Melt Festival 2018 – Live Review
aaamusic | On 23, Jul 2018
“The Berghain of festivals”. This is a phrase I came across a lot this year when reading about or discussing Melt Festival. It’s an interesting comparison and one that certainly has its merits. Both are legendary within the Berlin techno scenes, instrumental for putting Berlin electronic music on the map. After all, Melt has been going for a good couple of decades. Additionally, both Berghain and Melt have gradually moved away from the underground with searching for something rather greater in scope: perhaps not the mainstream, but definitely a more accessible clientele and a wider variety of music. Lastly, both are striking examples of what architecture and sound quality can do to create a unique aesthetic; one that actively enhances the music.
The 20k capacity Melt takes place at the Ferropolis, about 2 hours outside of Berlin – a striking ex-mining site with industrial cranes and machinery, fitted with blinding lights and pyrotechnics, and situated next to a sprawling, picturesque lake. I’ve said it before and I’ll say it again: it’s the best and most impressive festival site I have ever seen, with the highest quality sound I’ve ever experienced. Melt 2018 continued its winning streak with dependably beautiful weather, excellent and varied performances and a friendly but hedonistic atmosphere, not seen since the glory days of Glastonbury’s Shangri-La. Melt is, without a doubt, my favourite European festival.
Music-wise, the festival was kicked off by The Internet on the main stage (aka the Melt Stage). Despite the relatively early slot (they were flying straight off for another show, apparently) and the full glare of the afternoon sun, their chilled hip-hop soul was surprisingly energetic, thanks to front-woman Syd’s undeniable charisma and infectious melodies. Performing a week before the release of their latest, great album – Hive Mind – The Internet aired some new tunes, plus a couple from the members’ solo projects, but it was tracks from their late collective record – Ego Death – that hit the hardest and got the party started.
After a quick boogie in the quirky, new (new last year) Forest area (complete with mini beach) to the tribal sounds of Awesome Tapes From Africa, it was back to the main stage for the double-whammy of Cigarettes After Sex and Tyler, The Creator. The former unleashed a gorgeous performance of restrained dream pop, made all the more blissful thanks the glowing sunset. Having never seen these new darlings of indie before, I was surprised by how they managed to intensify their recorded music in the live arena, and all without sacrificing the subtle beauty of their songwriting and Greg Gonzalez’s light, otherworldly vocals. They’ve got the balance perfect, but I have no idea where they can go next…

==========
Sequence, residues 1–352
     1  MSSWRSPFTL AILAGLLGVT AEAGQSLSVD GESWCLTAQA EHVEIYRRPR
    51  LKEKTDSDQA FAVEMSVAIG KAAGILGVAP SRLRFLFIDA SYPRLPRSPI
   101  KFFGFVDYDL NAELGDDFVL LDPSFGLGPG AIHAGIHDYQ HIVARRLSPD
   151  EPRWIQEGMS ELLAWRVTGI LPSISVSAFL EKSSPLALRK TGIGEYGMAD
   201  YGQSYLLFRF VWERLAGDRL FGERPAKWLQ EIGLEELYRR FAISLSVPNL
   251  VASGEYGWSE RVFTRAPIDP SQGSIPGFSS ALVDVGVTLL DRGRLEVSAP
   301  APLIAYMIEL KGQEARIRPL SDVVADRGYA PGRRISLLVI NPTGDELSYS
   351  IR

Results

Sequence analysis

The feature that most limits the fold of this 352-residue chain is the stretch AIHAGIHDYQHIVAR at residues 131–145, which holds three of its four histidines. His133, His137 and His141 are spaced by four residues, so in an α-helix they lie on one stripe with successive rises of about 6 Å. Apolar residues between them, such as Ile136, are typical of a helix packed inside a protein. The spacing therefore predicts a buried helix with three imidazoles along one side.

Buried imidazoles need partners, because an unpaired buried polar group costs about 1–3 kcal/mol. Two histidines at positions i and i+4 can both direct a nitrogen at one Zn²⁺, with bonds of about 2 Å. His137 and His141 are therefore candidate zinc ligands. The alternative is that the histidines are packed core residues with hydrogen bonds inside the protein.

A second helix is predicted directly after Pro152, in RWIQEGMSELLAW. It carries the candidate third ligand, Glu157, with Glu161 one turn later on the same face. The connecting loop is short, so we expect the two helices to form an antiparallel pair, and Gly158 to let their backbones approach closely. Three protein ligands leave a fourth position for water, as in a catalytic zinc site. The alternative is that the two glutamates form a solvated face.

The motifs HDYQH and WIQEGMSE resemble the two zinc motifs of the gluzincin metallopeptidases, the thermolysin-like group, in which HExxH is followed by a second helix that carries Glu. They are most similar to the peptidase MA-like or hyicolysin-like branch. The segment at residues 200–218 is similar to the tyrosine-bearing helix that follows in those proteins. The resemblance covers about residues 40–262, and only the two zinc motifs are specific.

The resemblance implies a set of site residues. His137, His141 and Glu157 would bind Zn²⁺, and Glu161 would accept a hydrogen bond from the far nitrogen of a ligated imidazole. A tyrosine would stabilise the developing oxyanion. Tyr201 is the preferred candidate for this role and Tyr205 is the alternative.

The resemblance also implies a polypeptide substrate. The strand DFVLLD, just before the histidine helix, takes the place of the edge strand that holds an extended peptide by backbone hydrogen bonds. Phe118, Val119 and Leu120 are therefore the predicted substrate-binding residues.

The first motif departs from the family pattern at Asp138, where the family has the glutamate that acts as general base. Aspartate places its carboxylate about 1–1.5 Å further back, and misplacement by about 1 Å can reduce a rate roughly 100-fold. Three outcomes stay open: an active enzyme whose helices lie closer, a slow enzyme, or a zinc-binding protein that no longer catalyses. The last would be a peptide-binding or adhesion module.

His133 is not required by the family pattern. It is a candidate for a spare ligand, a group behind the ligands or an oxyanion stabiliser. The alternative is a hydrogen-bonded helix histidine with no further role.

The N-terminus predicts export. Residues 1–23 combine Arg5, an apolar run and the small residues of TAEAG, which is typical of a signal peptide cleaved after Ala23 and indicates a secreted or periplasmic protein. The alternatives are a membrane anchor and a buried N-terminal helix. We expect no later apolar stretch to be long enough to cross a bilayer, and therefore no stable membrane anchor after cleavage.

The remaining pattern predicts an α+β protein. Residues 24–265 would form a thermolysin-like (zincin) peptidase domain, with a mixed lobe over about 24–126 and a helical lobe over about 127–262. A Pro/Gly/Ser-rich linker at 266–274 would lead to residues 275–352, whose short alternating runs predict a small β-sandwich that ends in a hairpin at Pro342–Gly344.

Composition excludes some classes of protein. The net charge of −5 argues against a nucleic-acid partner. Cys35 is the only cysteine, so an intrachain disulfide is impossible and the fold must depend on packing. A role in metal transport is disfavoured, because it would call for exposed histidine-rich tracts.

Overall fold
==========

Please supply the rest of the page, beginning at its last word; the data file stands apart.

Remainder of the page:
And now for Tyler, The Creator, who smashed out one THE sets of the weekend. Live hip-hop tends to be disappointing, especially when lacking a live band, but Tyler truly managed to take things to the next level, even without a band. Aided by some massive LED screens and inventive visuals, many creating a silhouette effect of Tyler himself, the Odd Future founder powered through much of his incredible latest album – Flower Boy – to cheers, jumps, applause and even mosh pits. Definitely the most lively crowd of the weekend; definitely the best (and loudest) sound of the weekend; definitely the most fun I had at the whole festival.
Controversial I know: but I missed Florence + The Machine to check out my beloved Henry Wu over at the Forest… and, to be honest, I have no regrets. Henry Wu was not only a joy to dance to, smashing out everything from disco and funk to jazz and world, but he was a joy to watch, commanding the crowd, throwing down some shapes, hyping on the mic. I love Henry Wu, I love everything he does.
The bulk of the rest of the night was taken up with Jon Hopkins’ euphoric main stage live set, complete with hypnotic AV show and sounding heavier and heavier as the set progressed, and with Modeselektor’s DJ party set down at the beach stage (aka MeltSelektor, the stage they personally curate all weekend), with the duo mixing in “hits” with IDM and melodic techno. Closing out the night was Berghain legend Ben Klock at the Big Wheel (i.e. the main dance stage) with what could be the greatest set I’ve ever witnessed him do. Techno perfection.